Tuesday, December 16, 2008

Do you feel safer because of the drop in murders?!

Someone just today was asking Buz about the sharp drop in murders compared to last year. While there has been an upsurge in homicides in the city since around the first of November, there is still projected to be a 40+ drop from last year. (Buz is predicting we'll end up with about 245 murders this year: he is so Mr. Cynicalpants!).

But your consultant wonders: does the decrease in homicides make you feel safer as you go about your day-to-day business? I dunno; and I'm skeptical.

So, we're wondering if our faithful, nice readers will chime in and let us know: what difference does the drop in homicides mean to you? do you feel safer? do you feel crime is moving in the right direction?

Please let me know!


helix said...

No, the drop in murder rate does not make me feel safer. I base my perception of safety on what I hear through neighbors and through neighborhood newsgroups. There are more muggings and more burglaries in my 'hood. I feel less safe and I won't let my wife walk to/from her car at night without being with her.

This all goes back to a couple of years ago when many people were bitterly complaining that it simply was impossible to have a rising murder rate while other crimes were decreasing. They said it was some kind of diabolical "O'Malley" conspiracy where crime stats were fudged systematically and radically, while murder rate remained unchanged (... because you "can't fudge a body count", you know). They believed that murder rate and other crime rates HAD TO be locked in proportion to each other.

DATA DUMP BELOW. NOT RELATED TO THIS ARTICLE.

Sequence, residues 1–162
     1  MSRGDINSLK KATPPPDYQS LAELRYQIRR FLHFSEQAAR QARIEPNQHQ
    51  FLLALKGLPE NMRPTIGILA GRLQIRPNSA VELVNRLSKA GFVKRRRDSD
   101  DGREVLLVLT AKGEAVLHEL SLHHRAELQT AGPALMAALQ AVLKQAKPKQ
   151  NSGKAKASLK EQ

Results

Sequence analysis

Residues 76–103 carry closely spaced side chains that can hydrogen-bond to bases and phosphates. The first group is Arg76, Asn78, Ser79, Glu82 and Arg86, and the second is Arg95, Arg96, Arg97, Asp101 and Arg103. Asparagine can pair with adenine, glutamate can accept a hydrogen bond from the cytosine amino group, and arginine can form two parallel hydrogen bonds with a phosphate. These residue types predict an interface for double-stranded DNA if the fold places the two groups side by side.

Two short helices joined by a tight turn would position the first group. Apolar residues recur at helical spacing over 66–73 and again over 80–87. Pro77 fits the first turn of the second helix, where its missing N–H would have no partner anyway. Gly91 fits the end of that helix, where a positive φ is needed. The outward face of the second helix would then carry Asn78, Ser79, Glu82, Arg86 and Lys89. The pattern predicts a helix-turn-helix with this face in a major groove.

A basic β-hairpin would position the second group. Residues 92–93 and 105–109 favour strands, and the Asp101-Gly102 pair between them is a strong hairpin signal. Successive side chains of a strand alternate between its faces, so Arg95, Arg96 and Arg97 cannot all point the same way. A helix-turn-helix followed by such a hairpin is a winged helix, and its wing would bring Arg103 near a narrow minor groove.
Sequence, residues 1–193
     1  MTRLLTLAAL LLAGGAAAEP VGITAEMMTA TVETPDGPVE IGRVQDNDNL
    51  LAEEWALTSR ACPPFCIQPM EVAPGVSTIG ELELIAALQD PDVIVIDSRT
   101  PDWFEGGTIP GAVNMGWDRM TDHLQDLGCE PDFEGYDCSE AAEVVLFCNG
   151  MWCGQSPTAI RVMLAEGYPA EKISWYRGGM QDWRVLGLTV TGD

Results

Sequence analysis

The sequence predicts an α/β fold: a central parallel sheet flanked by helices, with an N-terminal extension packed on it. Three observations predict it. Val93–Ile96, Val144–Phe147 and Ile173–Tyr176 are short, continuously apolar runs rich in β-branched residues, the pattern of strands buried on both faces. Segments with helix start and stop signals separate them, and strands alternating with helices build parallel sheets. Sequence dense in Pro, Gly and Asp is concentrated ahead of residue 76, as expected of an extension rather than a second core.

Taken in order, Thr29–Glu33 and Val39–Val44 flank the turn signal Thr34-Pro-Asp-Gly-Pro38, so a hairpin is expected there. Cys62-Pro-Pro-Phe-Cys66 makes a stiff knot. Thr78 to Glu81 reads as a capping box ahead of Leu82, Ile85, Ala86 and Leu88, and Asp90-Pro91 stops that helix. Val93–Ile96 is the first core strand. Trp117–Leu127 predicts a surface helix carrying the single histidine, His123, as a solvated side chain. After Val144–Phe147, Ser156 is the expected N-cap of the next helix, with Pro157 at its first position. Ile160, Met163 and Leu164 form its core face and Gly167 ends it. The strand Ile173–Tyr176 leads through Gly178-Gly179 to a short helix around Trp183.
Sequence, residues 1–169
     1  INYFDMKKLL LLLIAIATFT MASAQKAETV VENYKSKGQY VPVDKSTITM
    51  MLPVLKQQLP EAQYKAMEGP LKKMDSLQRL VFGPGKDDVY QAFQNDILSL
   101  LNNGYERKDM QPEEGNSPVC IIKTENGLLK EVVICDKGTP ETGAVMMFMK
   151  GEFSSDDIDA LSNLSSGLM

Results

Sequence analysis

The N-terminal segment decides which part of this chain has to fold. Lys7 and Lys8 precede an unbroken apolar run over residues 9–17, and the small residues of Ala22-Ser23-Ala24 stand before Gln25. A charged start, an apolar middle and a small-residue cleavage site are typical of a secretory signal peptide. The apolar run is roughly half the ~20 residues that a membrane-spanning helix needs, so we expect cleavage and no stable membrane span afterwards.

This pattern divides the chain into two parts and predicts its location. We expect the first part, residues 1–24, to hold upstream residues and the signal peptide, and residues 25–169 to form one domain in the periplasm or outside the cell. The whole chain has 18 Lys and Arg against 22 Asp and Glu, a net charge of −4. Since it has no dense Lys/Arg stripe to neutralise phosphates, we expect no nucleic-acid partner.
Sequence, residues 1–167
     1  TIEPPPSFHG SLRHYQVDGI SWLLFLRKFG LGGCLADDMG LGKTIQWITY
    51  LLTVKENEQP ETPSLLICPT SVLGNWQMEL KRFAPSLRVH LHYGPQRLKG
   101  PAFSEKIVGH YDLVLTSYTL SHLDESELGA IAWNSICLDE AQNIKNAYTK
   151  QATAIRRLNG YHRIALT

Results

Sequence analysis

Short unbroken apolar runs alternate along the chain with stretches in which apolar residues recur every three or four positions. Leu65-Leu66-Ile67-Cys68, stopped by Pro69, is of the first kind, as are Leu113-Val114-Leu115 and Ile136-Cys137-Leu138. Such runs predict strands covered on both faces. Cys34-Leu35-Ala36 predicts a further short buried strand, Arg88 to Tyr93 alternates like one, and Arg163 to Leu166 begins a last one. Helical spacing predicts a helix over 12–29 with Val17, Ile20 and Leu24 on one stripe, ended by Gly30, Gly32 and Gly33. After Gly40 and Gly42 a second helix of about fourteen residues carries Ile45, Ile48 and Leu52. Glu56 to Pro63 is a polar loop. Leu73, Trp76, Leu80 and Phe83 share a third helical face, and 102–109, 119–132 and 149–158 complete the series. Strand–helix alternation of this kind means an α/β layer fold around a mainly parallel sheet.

But today, it seems the powers-that-be have decided that "murder rate" is the number that counts and everything else takes a back-seat. I'm not so sure that this is good long term strategy. The thing that causes productive people to leave the city IS NOT murder, it is things like having your house broken in to, or being mugged, or just having to deal with disorder constantly.

buzoncrime said...

Thank you, Helix. Well said!
While my neighborhood in North Baltimore has few muggings, there are certainly a fair number nearby. And there have been a rash of burglaries in the neighborhood, as well as throughout the city.

My wife does not go out alone at night, either; I do, but am very careful (of course I am 215lbs and an ex-cop, so.........)